TITLE

Risk factors for obesity in 7-year-old European children: the Auckland Birthweight Collaborative Study

AUTHOR(S)
Blair, Nikki J.; Thompson, John M. D.; Black, Peter N.; Becroft, David M. O.; Clark, Phillipa M.; Dug Yeo Han; Robinson, Elizabeth; Waldie, Karen E.; Wild, Chris J.; Mitchell, Edwin A.
PUB. DATE
October 2007
SOURCE
Archives of Disease in Childhood;Oct2007, Vol. 92 Issue 10, p866
SOURCE TYPE
Academic Journal
DOC. TYPE
Article
ABSTRACT
Objective: To identify risk factors associated with obesity in primary school children, with a particular focus on those which can be modified. To identify critical periods and growth patterns in the development of childhood obesity. Methods: 871 New Zealand European children were enrolled in a longitudinal study at birth and data were collected at birth, 1, 3.5 and 7 years of age. Data collected at 7 years included weight, height, bioelectrical impedance analysis (BIA), television viewing time and a 24 h body movement record (actigraphy). The outcome measure was percentage body fat (PBF), which was calculated at 3.5 and 7 years using BIA. Univariate and multiple regression analyses were carried out using PBF as a continuous variable. Results: Multivariable analysis found maternal overweight/obesity, maternal age, female gender, sedentary activity time and hours of television viewing to be independently associated with PBF at 7 years. Growth variables (birth weight, rapid weight gain in infancy, early (1–3.5 years) and middle childhood (3.5–7 years)) were also independently associated with adiposity at 7 years. There was a strong correlation between PBF at 3.5 years and PBF at 7 years. Conclusions: Many primary school aged children start on the trajectory of obesity in the preschool years, which suggests interventions need to start early. Maternal overweight/obesity, television watching, sedentary activity time and rapid weight gain in infancy, early and middle childhood are risk factors for childhood obesity, and are all potentially modifiable.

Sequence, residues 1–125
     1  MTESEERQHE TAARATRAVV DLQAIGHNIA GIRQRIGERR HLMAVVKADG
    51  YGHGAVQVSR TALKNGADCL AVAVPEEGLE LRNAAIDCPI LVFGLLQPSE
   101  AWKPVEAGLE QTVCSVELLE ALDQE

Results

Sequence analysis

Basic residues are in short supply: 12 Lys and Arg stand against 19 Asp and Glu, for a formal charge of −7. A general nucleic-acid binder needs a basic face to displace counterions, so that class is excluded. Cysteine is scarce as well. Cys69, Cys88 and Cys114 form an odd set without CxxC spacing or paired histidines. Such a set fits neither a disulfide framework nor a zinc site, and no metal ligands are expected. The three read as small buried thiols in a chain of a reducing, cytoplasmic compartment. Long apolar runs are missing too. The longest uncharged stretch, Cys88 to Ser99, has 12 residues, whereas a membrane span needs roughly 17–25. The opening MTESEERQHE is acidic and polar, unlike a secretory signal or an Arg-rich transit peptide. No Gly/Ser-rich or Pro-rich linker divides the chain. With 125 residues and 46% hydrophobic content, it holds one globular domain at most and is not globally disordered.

ACCESSION #
27151373

 

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